United States – Debt Ceiling Deal

August 2, 2011

By Padmini Arhant

Leaderships in Washington confirmed consensus on debt ceiling deal passed in the House and Senate in order to avert the manufactured crisis from policies targeting the core consumer base while promoting no revenue in the deficit reduction plan.

The present agreement authorizing government to pay the bills and meet other financial obligations is premised on spending cuts equal to or exceeding the borrowing sum with an immediate increase of $400 billion followed by another $500 billion not barring Congressional blockade,

Alongside more than $900 billion in savings over ten years from downsizing operating expenses within cabinet as well as federal agencies.

Overall debt limit $2.1 trillion considered allowing Treasury to address various payments through 2012 elections and simultaneously minimizing federal spending equivalent to or above the debt amount spanning a decade with no tax increases otherwise income.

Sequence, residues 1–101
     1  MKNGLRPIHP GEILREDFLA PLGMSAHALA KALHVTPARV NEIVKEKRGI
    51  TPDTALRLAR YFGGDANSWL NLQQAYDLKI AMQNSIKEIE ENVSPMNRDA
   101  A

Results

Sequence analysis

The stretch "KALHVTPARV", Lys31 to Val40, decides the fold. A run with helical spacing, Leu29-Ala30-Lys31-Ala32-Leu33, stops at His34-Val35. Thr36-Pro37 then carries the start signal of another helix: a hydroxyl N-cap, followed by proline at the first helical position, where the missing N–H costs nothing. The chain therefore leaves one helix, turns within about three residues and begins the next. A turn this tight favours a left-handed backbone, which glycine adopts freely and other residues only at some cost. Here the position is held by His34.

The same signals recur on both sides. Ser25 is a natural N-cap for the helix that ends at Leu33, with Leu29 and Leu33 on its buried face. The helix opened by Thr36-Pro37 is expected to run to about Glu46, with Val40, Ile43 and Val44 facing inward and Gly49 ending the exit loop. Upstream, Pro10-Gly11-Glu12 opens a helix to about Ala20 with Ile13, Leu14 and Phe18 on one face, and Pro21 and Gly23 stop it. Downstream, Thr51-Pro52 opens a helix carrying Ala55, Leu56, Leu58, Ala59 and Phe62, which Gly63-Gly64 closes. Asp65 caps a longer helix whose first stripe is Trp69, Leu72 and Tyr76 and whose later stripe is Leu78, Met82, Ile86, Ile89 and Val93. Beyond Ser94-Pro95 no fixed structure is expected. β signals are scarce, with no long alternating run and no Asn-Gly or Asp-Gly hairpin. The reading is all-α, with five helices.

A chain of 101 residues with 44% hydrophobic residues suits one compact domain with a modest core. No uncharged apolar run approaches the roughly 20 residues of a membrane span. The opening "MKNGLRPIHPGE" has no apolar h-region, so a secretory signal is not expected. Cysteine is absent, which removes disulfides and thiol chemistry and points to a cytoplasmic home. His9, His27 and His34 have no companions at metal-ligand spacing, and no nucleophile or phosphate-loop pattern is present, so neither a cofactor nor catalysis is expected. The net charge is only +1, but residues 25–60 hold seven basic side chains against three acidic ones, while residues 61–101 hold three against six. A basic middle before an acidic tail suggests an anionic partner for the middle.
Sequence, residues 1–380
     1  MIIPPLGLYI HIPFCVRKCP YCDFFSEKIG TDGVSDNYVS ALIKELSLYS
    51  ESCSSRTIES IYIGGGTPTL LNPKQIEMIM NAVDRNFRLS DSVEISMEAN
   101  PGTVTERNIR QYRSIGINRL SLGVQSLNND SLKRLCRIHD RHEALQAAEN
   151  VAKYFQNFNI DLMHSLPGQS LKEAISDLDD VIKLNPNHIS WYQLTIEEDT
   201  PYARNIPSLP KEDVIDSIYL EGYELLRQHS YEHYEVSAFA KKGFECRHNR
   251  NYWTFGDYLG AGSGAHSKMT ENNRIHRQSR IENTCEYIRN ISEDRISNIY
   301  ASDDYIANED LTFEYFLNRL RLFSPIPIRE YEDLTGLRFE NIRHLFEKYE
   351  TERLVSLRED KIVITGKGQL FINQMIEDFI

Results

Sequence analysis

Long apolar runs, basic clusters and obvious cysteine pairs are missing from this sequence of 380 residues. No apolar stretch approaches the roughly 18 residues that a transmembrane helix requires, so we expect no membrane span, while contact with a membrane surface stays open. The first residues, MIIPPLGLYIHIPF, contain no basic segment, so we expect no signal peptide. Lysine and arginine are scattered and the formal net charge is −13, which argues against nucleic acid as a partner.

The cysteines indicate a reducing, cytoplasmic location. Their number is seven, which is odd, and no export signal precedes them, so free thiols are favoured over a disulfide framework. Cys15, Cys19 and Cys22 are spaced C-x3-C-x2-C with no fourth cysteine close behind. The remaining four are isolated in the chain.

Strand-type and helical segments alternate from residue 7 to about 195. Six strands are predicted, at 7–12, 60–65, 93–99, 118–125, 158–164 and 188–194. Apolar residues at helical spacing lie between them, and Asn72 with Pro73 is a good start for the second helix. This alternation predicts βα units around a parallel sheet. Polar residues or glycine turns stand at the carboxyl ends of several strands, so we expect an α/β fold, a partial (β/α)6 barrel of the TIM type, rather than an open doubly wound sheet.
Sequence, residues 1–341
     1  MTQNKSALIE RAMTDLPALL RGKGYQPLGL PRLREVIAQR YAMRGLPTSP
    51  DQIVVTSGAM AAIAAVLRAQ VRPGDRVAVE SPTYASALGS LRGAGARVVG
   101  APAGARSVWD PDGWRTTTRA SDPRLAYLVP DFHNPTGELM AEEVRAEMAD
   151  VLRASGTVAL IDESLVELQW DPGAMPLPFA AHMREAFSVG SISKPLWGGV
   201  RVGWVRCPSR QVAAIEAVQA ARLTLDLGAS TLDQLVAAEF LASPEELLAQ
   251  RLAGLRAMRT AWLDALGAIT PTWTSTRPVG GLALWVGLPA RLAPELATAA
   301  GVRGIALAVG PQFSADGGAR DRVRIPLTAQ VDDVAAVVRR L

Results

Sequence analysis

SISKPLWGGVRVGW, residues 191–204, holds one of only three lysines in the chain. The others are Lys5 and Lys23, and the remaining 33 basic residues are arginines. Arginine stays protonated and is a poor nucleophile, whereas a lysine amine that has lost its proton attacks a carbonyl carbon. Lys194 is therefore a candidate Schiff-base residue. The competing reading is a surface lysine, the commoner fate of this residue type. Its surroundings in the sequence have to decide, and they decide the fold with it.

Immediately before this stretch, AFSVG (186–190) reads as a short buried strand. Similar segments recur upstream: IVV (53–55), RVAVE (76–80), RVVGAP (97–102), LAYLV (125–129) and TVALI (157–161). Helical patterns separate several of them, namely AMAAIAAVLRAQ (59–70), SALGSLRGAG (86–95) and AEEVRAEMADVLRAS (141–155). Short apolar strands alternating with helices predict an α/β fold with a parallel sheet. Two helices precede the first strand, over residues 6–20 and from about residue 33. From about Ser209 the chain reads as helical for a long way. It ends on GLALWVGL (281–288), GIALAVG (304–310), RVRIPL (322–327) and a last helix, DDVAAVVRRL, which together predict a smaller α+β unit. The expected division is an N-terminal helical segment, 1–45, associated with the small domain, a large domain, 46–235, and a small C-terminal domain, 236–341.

Federal budget due in Oct 1, 2011 is set to reduce spending by $7 billion below the existing level to achieve the desirable debt deceleration.

The proposal on bipartisan 12 members House-Senate committee expected to recommend more federal deficit trimmings up to $1.5trillion for legislation by Congress adhering to the requirements.

Upon committee’s failure to generate at least $1.2trillion debt containment, mandatory spending cuts across the federal budget is in place against Pentagon, domestic discretionary appropriations not excluding farm subsidies and Medicare reimbursements to health care providers.

Accordingly the debt limit to be raised anywhere between $1.2trillioin – $1.5trillion based on the funds availability in the budget.

The reassurance in the deal per reports is the exemption on Social Security, Medicare and Medicaid benefits in addition to veteran programs not affected in the process.

Also the legislation seeks Congressional approval for constitutional amendment on balanced budget.